The fintech industry is one of the biggest growing tech industries in the world with the advent of mobile banking applications, services like Google and Apple pay and digital banks such as Monzo or Starling Bank. The fintech industry is tackling problems such as security, banking access and financial education, what more can the fintech achieve by utilising AR and VR technology? In this blog we’ll explore some of the ways that the fintech industry can benefit from using augmented and virtual reality technology.
When we talk about safety training, most of us will think of boring training lectures and even more boring reading material. Although it’s a necessary evil, using these methods can be just that, boring, unengaging. What if there was a better way? Virtual reality presents a new method of safety training that is engaging, cost effective and significantly increases retention. Here are just a few benefits of using VR to provide employees with safety training.
If you’re unfamiliar with AR (augmented reality) you might be surprised to know that yourself along with millions of others own an AR ready device, that is, if you own a recently released smartphone produced by either Android or Apple. Whereas VR (virtual reality) creates a virtual world in which players can interact with, AR overlays and works with the real world. In the past we’ve spoken about virtual reality training but what about AR training?
Mental health is a massive issue, with many people suffering from some sort of mental health issue. In the past we’ve spoken about using VR in the healthcare industry, mentioning VR’s use in exposure therapy. VR can treat multiple different mental health disorders, from agoraphobia to arachnophobia. In this blog, we’ll explore just 5 of the many ways in which VR can be used in therapy to help patients with mental health issues.
As technology has advanced, so have the ways in which we educate and tell stories. From interactive stories and games that engage and educate, to VR and AR being used in museums to create unique experiences. Recently, there has been a rise in the use of AR and VR in museums with history museums, science museums, heritage sites etc, taking advantage of augmented and virtual reality technology to teach and educate their audiences.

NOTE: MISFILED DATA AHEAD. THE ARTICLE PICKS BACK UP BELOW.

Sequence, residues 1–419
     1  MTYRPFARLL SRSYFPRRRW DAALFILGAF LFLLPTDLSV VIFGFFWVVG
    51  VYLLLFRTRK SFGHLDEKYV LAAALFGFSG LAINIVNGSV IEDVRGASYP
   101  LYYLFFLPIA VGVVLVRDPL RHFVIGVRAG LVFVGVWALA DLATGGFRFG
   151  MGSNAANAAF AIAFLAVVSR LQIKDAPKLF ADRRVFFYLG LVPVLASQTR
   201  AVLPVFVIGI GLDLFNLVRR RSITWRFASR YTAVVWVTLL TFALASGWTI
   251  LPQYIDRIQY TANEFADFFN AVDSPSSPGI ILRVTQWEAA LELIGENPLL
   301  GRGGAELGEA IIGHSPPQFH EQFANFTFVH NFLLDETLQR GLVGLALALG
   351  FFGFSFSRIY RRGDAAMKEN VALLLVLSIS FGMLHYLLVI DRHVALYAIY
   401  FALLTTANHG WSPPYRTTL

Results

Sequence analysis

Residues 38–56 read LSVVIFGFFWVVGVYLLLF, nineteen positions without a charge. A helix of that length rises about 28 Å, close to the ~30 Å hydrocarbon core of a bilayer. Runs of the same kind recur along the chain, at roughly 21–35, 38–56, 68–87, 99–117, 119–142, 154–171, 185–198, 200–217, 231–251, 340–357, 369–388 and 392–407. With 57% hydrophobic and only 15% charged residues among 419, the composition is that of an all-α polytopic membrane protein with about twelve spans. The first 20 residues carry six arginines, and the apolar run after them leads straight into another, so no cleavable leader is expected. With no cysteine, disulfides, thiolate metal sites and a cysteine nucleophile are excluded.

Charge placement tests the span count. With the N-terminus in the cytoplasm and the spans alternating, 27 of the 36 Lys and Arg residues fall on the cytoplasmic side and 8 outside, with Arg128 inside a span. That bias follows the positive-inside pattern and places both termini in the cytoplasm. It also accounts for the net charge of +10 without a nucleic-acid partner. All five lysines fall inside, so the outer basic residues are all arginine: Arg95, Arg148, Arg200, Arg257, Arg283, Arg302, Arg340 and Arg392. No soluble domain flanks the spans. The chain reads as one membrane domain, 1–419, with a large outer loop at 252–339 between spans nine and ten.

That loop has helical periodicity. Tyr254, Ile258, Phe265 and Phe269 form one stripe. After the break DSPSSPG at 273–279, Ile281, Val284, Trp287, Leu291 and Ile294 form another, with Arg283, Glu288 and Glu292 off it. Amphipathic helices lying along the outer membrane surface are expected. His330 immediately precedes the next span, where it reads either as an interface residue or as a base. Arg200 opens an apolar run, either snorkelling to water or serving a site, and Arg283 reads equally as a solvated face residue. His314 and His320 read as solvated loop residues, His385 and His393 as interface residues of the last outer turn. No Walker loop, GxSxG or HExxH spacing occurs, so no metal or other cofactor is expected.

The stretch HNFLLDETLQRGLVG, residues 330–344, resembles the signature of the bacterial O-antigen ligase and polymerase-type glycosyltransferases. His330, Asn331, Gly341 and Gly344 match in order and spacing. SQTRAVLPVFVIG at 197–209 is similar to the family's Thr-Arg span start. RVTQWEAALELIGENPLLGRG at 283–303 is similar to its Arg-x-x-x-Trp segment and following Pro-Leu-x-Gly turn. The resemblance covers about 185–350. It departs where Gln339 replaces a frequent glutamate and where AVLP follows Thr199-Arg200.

Storytelling has always been at the heart of everything we do, from entertainment to journalism, from the values we instil in new generations to how we convey our memories. As technology has affected our daily lives, its impacted the ways in which we tell stories. Immersive storytelling is the use of immersive technology such as virtual reality and 360 videos to tell stories. By using these immersive technologies, stories are more impactful as the individual experiencing the stories feel more engaged and feel like they are a character in the story themselves.
Games in the past have been used in various other ways other to just purely entertain their players. Games have been used to train, teach, engage and inform players. By working with game companies, research institutes such as universities can create games that engage and educate players. Game companies can combine pedagogy and key learning objectives from academics alongside game design principles and techniques to create games that educate players whilst providing a fun experience.
Education in games is serious business and with VR newly on the horizon, we list our top three subjects that will truly benefit from taking advantage or the latest Virtual Reality technology. LANGUAGE It is well reported that the best way to learn a new language is by immersing yourself in it. But often we don’t have the luxuries of being able to visit different countries for a long period of time to get the benefits of immersive learning.
We’ve spoken previously about the benefits VR could have in education , but what about augmented reality? We live in a world where young people around the globe are playing augmented reality games such as Pokémon Go and communicating via Snapchat . Many young people have smartphones and it seems obvious that utilising this technology would help to educate. What if we used this technology for more serious applications?
I’m sure we’ve all received training in work at some point. For me that was sitting in an office room upstairs while an HR manager put on an unbearable training DVD. This approach to training has been around for a long time and for a lot of industries it is found to be lacking. That’s where VR comes in. VR has the potential to revolutionize training in businesses and even other industries outside of the commercial like healthcare and the police, here’s why.